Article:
Irving Learns to Live Without Valley Ranch

Before she would go on to ride a wave of ugly Islamophobia to national attention, then-mayor Beth Van Duyne arguably mishandled a conflict over the development of a Las Colinas entertainment complex. Actually, she “arguably” mishandled it to the degree that it might have played into Jerry Jones’ decision to move the Dallas Cowboys practice stadium out of Irving and into Frisco. Van Duyne was able to bounce back professionally by capitalizing on rising anti-Muslim sentiments among constituents because that’s unfortunately something you can do in America. By the way, Van Duyne left the mayoral work behind to join the Trump administration in probably the least shocking political development of these last few terrible years. Meanwhile, the emptying of the Valley Ranch offices cut down on revenue for the city and hurt nearby businesses. The city appears to be bouncing back in a big way as there’s a $1 billion undertaking in the form of the Hidden Ridge mixed-use development being built, which includes a 10-story office building for Pioneer Natural Resources. Irving put close to $6 million in incentives to help secure a deal for the development.  

Frisco’s $5 Billion Mile

Frisco’s population growth is astounding – the town was just shy of 34,000 residents in 2000, but now serves as home for close to 165,000 people. The town also holds offices for several major companies, as well as the nation’s only dedicated video game museum,and the Dallas Cowboys’ The Star practice facility. If you want to get a sense of how much is happening in Frisco, but you’re a little pressed for time, you can check out the city’s gaudy-but-still-remarkable $5 Billion Mile. On a one-mile stretch of road, Frisco houses mixed-use facilities that account for $5 billion in investment capital. It’s a showy name for an impressive street, one that would be the envy of many cities. 

Allen Gets All Up in Plano’s (Tech Firm) Business

Allen, TX recently secured a deal to welcome a regional office and research facility from NetScout Systems Inc, which comes to them all the way from…the next town over. The Massachusetts-based firm was lured away from Plano, and will take up residence in a facility set among Allen’s recent mixed-use developments. According to a Dallas Morning News article about the move, Allen officials are using the rising rental prices and increased crowding of other growing cities to make itself look more attractive by comparison. It’s a painfully thirsty tactic, but an apparently effective one.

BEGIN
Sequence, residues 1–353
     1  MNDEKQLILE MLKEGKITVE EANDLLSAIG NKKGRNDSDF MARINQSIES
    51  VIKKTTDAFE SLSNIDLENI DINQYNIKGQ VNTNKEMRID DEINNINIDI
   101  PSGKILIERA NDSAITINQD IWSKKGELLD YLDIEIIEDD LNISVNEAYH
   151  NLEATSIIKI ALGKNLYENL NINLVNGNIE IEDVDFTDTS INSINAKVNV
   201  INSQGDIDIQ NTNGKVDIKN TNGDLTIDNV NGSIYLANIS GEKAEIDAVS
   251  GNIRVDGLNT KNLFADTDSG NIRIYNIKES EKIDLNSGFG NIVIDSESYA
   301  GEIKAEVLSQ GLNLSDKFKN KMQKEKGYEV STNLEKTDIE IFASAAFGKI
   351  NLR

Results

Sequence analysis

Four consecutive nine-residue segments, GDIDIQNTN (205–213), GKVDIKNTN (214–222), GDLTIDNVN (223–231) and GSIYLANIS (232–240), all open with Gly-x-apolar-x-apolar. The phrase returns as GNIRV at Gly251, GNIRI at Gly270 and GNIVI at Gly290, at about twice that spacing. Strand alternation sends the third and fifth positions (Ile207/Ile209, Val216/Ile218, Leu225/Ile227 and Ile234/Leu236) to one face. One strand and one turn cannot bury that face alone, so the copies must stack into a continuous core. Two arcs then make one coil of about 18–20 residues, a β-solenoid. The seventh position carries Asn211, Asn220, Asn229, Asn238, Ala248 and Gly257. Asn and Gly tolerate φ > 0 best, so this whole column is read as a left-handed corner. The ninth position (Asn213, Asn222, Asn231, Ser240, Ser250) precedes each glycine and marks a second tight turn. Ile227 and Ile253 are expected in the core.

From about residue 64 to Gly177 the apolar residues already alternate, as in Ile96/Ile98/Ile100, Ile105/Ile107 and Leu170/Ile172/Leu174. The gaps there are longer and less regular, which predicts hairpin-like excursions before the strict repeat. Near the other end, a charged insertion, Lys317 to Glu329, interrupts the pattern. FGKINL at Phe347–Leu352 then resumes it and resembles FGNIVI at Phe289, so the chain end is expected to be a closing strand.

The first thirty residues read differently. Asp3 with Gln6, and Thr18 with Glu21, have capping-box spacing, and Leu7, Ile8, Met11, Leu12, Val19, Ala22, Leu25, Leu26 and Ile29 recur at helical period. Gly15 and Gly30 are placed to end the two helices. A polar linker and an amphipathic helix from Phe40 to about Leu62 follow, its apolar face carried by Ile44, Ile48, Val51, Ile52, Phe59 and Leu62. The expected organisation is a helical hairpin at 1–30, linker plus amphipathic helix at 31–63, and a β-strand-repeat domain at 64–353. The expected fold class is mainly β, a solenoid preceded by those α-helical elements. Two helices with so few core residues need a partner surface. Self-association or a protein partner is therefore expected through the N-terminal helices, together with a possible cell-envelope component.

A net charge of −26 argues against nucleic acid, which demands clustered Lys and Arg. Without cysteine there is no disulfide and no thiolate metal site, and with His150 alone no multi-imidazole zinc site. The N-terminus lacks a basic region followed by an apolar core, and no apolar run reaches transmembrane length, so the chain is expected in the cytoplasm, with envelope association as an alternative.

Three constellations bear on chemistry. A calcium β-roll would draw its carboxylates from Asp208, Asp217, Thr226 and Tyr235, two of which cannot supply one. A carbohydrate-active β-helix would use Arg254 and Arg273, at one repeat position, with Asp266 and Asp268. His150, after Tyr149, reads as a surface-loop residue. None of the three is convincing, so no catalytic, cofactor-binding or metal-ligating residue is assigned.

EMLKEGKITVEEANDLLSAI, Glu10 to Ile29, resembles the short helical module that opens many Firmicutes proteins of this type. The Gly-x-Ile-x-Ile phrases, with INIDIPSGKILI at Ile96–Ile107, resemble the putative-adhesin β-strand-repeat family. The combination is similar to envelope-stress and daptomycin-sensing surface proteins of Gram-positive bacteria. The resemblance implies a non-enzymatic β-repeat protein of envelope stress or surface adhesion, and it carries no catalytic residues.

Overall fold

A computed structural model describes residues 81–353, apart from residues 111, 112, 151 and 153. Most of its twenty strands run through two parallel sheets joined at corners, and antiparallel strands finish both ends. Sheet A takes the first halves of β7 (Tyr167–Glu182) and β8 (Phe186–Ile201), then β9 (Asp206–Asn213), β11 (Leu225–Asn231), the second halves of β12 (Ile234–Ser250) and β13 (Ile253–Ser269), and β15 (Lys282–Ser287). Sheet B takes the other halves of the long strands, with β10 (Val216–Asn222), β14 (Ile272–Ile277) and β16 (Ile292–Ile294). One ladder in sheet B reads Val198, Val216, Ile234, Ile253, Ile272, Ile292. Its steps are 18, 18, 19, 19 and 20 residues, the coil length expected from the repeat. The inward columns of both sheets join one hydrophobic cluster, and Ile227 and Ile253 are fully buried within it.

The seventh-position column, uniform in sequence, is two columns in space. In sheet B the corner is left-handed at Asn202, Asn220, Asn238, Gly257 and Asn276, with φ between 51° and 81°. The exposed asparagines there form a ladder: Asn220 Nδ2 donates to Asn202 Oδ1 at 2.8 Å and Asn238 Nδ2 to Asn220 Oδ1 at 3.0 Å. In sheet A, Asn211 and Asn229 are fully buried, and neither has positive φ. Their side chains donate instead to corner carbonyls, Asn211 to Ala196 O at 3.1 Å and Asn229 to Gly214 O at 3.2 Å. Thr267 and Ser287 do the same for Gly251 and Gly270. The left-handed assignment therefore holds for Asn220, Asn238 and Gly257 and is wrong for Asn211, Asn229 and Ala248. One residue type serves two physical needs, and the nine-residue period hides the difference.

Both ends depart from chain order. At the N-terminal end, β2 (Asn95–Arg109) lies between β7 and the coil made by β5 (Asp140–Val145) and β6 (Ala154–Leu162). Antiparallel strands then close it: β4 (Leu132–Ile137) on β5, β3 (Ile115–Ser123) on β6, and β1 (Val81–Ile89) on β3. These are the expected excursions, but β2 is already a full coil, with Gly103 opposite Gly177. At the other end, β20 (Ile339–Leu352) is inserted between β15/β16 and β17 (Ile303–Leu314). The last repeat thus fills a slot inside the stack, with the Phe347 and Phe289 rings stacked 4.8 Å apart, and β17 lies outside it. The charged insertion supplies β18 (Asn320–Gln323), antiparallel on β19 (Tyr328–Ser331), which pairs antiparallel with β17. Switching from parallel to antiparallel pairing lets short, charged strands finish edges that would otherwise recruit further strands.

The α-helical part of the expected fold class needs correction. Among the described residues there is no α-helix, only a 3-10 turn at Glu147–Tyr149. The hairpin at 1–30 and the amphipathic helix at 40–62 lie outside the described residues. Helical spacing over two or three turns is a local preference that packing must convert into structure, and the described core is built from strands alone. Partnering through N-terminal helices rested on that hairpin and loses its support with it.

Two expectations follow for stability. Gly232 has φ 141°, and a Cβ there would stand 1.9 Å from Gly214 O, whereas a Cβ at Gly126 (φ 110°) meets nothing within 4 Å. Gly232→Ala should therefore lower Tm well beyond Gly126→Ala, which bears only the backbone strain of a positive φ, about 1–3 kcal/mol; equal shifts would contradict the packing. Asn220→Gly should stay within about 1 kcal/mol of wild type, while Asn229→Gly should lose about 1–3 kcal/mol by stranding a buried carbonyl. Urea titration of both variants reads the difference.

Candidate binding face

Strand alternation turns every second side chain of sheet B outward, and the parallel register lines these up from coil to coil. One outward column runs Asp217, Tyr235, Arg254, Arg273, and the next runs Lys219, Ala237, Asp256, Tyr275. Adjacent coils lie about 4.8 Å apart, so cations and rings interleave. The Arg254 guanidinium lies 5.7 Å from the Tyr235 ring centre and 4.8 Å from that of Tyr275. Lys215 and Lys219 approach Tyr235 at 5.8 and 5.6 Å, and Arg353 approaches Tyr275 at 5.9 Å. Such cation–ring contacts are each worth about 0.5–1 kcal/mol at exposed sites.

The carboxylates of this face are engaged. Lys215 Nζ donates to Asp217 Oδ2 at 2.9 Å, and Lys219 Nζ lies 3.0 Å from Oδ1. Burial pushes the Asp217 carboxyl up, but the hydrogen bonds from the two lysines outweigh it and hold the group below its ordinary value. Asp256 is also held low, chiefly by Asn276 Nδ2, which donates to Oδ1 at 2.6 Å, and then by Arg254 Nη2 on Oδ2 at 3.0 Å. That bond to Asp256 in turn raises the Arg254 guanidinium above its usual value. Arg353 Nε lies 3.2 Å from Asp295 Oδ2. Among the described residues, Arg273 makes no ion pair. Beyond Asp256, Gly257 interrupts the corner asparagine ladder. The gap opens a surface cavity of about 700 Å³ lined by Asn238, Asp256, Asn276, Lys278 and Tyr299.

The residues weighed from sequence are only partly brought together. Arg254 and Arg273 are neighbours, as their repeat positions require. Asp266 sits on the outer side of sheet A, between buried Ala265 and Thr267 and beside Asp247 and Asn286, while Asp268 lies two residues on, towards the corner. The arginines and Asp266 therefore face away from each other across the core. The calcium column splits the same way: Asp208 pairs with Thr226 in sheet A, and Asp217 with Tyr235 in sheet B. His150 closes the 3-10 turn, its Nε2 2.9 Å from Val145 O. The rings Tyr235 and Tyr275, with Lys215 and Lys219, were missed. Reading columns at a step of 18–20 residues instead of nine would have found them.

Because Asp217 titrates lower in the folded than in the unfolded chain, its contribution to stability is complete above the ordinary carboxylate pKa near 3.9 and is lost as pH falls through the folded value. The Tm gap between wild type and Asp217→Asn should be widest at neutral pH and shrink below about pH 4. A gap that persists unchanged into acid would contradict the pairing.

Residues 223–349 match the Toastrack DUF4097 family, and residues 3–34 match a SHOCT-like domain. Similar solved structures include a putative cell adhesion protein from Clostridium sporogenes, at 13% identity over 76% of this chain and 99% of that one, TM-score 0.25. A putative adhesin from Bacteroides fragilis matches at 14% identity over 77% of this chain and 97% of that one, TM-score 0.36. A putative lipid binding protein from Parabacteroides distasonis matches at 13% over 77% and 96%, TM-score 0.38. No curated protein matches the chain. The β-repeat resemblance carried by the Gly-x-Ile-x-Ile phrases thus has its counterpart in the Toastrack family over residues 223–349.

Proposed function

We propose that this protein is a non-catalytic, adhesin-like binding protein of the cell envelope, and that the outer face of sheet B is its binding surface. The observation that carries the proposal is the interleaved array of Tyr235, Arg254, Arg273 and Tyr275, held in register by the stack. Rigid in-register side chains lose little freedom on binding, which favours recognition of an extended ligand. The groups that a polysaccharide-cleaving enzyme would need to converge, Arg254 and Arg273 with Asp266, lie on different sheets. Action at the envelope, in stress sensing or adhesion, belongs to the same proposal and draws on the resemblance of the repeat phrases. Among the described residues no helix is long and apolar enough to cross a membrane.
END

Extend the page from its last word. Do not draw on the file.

McKinney Should Maybe Take Some Time to Work on Itself

McKinney, like Frisco, has seen a population boom. It’s filling up with residents and it’s securing modern jobs for modern workers; gaming studio Playful Corp only just inked a deal to open up a new headquarters in the city’s downtown area with — of course —  economic incentives from the city. However, even as publications were starting to gush over the quality of life to be found in McKinney, there were unspoken hostilities that would bubble up to the surface. In 2015, an infamous recorded encounter took place where former McKinney police officer Eric Casebolt forcefully tackled and pinned down a teenage girl, Dajerria Becton, during an attempt to break up a neighborhood pool party. While Casebolt escaped criminal charges, civil litigation surrounding his actions are ongoing. The incident drew national attention, putting the town, and its residents, under a microscope. McKinney’s growth hasn’t faltered and that hopefully means some of the ugly, retrograde attitudes exposed by the controversy will be pushed out — as there’s reason to believe that the white residents who called to complain about the teens’ pool party were wrong to allege that black teens at the pool were trespassing. And if you’re going to keep chasing as many new residents and businesses as you can, McKinney, maybe take some time and work on yourself, so that those new people and companies aren’t getting tangled up in a den of unchecked privilege and outright racism.

The Colony Lays Down the $800 Million Red Carpet for Nebraska Furniture Mart

The Colony really, really wanted to be the home of Nebraska Furniture Mart. After the company studied several spots in Collin County, The Colony secured the vast shopping center thanks to an incentive deal for roughly $800 million that’s set to be distributed over the course of 40 years. This jaw-dropping arrangement will certainly help Nebraska Furniture Mart’s parent company, Berkshire Hathaway, and that company’s scrappy owner, Warren Buffett, a newcomer to the business world who currently only holds a meager $70+ billion dollars to his name. Hopefully this is just the shot in the arm he needs to get his little business off the ground.